Supercell’s CEO Ilkka Paananen talked about what makes Clash of Clans a unique success, how the company approaches new game ideas, and Supercell’s current position with NFTs.
Founded by Ilkka Paananen and Mikko Kodisoja back in 2010, the mobile game company so far pushed only five titles out the doors but managed to become a multi-billion dollar gaming entity in just a little over 12 years. Unlike most other mobile game makers, Supercell embraces a different approach and considering how the Finnish mobile game firm regularly hits its financial goals and even breaks records after records this method seems to be working just fine.
Rather than pushing out numerous mobile games that have a short life span, Supercell focuses on making games that are fun to play and that stay alive for many years to come. The gaming giant’s approach stood its ground even after being acquired by Tencent in 2016. Helsinki-based company’s games are Hay Day, Clash of Clans, Boom Beach, Clash Royale, and Brawl Stars (not including side titles), and the gaming firm’s titles have seen more than 3 billion downloads so far.
Clash of Clans is special
To explain some bits of their secret and what awaits the company in the future the Founder and CEO Paananen gave an interview to Fast Company and responded to some tough questions amid Clash of Clans’ 10 years anniversary.
Paananen said Supercell sees its games as a game as services and they set out to create meaningful experiences for players. He says the Finnish company’s aim is to become a part of people’s everyday lives and adds that Clash of Clans succeeded in this manner.
He further comments that some players continue to play Clash of Clans even after five, six, seven, or eight years, and these players say they come back because “they love the game and the humor and the characters and the gameplay” but then he underlines something even more important; “But as often—if not more often—they also refer to the other players. It really is the clan.”
He wraps up this bit with the following comment:
“It’s fun to play the game with other people, because you’ve gotten to know them. Games make the planet a bit smaller; they bring people together from all kinds of different backgrounds, different cultures, and different parts of the world.”
Why does Supercell kill almost every new game?
The Finnish mobile games giant has over 1,000 people working for it, yet, the number of games doesn’t seem to add up with the human power they have. Paananen goes into detail and explains why they kill so many new games at different stages with the following lines:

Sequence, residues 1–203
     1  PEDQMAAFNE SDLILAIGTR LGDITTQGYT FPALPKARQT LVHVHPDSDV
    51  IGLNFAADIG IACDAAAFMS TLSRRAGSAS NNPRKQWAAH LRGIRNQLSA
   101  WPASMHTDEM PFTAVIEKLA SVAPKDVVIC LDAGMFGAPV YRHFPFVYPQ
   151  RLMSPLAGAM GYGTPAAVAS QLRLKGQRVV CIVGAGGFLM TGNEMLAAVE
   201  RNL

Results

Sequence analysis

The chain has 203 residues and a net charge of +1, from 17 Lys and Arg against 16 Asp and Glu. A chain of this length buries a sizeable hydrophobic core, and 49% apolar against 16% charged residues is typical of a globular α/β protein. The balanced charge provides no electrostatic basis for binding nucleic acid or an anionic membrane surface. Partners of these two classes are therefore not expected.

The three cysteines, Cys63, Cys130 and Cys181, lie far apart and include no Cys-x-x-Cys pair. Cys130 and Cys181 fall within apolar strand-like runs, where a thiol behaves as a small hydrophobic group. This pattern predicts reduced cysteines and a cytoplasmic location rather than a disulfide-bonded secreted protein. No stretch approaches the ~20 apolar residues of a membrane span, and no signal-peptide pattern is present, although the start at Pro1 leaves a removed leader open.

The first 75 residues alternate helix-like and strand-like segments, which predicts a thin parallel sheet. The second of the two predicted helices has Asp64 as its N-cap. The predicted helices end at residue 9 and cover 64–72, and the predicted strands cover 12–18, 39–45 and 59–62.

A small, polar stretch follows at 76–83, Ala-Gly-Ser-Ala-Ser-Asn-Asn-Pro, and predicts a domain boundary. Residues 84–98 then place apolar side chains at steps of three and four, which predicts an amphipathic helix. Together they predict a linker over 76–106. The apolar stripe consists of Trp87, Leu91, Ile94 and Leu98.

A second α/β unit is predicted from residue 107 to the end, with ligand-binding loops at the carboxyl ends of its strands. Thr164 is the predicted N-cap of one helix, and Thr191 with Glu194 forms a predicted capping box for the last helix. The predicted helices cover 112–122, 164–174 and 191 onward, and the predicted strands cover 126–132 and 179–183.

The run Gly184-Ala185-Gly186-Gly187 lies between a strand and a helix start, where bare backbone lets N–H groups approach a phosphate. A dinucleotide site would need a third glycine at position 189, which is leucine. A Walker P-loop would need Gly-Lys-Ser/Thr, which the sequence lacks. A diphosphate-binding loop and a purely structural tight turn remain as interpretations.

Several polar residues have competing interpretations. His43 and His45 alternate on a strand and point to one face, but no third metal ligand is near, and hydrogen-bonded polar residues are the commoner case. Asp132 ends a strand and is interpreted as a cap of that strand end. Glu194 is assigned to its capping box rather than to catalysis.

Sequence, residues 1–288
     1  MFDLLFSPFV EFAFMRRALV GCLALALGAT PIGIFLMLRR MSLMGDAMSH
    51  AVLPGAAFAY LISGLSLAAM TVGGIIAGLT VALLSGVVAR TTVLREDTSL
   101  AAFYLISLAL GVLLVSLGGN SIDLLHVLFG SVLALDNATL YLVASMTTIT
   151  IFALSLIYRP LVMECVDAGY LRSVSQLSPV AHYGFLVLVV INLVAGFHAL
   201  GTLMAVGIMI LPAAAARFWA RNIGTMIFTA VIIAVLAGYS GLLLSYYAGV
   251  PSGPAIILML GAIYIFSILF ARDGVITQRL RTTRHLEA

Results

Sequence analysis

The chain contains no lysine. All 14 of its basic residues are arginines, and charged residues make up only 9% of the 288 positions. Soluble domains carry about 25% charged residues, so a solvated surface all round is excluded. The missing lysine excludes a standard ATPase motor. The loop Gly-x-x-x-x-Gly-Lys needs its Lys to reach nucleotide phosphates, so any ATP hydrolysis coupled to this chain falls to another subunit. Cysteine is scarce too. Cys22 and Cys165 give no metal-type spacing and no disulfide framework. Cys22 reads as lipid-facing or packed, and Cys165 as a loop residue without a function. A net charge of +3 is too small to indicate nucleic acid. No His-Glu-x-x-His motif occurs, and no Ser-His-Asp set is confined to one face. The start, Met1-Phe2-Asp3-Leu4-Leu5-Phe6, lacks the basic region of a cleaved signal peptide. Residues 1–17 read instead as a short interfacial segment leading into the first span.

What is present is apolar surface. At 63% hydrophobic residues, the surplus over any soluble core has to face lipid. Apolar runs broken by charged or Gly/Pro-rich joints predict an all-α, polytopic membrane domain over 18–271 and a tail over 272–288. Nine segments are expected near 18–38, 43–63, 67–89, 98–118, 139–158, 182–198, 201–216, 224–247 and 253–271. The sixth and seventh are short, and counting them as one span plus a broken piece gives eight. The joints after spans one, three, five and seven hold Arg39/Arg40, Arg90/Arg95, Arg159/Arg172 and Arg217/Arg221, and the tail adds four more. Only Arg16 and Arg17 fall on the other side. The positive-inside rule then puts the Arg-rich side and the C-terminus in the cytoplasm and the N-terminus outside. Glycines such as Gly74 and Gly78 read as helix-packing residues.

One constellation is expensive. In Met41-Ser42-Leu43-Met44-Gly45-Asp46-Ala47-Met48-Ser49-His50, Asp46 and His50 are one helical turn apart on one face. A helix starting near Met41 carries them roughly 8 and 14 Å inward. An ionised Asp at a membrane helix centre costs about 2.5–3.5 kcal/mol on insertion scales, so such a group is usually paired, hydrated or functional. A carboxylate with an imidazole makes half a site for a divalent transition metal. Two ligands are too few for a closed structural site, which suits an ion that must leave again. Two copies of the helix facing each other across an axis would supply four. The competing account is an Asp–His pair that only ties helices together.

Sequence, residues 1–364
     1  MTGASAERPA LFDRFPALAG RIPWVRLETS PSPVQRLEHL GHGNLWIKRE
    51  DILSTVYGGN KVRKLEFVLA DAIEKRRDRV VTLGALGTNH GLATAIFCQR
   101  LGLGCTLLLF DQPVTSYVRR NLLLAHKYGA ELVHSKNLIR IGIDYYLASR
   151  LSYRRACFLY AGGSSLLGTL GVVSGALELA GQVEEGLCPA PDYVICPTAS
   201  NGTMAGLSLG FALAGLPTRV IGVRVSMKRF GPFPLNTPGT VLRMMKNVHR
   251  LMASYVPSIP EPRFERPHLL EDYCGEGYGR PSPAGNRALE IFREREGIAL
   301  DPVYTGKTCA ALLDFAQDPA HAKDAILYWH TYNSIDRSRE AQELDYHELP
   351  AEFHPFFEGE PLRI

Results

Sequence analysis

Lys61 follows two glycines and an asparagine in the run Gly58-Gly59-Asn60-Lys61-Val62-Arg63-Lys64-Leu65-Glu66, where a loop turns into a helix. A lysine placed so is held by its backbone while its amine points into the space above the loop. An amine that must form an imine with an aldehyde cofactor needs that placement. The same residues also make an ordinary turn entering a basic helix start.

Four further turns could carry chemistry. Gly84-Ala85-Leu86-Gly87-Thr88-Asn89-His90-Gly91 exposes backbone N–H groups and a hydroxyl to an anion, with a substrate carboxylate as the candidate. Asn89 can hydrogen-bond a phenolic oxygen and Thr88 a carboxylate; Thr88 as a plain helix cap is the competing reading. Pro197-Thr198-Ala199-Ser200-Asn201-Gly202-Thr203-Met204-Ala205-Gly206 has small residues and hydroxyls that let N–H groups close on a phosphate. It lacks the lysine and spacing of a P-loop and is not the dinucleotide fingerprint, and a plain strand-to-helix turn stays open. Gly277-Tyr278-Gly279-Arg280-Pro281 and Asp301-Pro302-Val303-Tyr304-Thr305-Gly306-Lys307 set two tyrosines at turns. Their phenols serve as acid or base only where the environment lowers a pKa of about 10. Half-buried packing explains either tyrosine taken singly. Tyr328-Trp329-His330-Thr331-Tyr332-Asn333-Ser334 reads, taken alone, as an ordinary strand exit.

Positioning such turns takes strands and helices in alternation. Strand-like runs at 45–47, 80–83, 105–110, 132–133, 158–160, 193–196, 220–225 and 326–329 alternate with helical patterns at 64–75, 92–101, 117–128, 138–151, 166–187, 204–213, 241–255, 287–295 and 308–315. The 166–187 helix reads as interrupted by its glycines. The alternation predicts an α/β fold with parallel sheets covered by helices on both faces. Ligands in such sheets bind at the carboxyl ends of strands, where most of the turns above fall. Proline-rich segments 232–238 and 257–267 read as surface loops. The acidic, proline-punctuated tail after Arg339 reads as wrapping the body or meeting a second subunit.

“In the past 12 years, we’ve only released five games. A big part of our culture is that the quality bar is extremely high. Small game teams, which we call cells, build and prototype new games all the time. However, most of those games the outside world never gets to see, unfortunately.”
He says that some games get soft launched in markets like Canada and New Zealand, and receive real player feedback, but adds that even at the soft launch period they tend to kill games. However, the successful businessperson adds that it’s not him dealing the killing blow, but the game teams.
“It’s really the game teams that run the show here, not me. I’m here only to support the game teams. You need to take a lot of risks, and at some point, you wind up killing that idea, but every once in a while, a game does make it out.”
Does Supercell have any NFT plans?
The Finnish game maker underlines the fact that in Supercell’s focus lies the player experience, and according to him, at this point in time, “Supercell hasn’t seen an opportunity for NFTs to truly, truly make the experience better. Maybe that day will come someday, but so far we haven’t seen it.“
Paananen says Supercell games reach over 100 million users every month and their demographic is quite wide. He stresses that their goal is to make the experience better for their players, and NFTs aren’t there yet. “We haven’t yet figured out a way” he says and wraps it up.
Supercell’s latest game Boom Beach: Frontlines was soft-launched in 20 countries so far, and the game had over a million pre-registered users prior. The company invested in Space Ape Games for a second time and increased its stakes in the game maker by over 75% before pushing the game out.
The Finnish gaming giant also announced that it will support Channel37 for an unannounced PC game.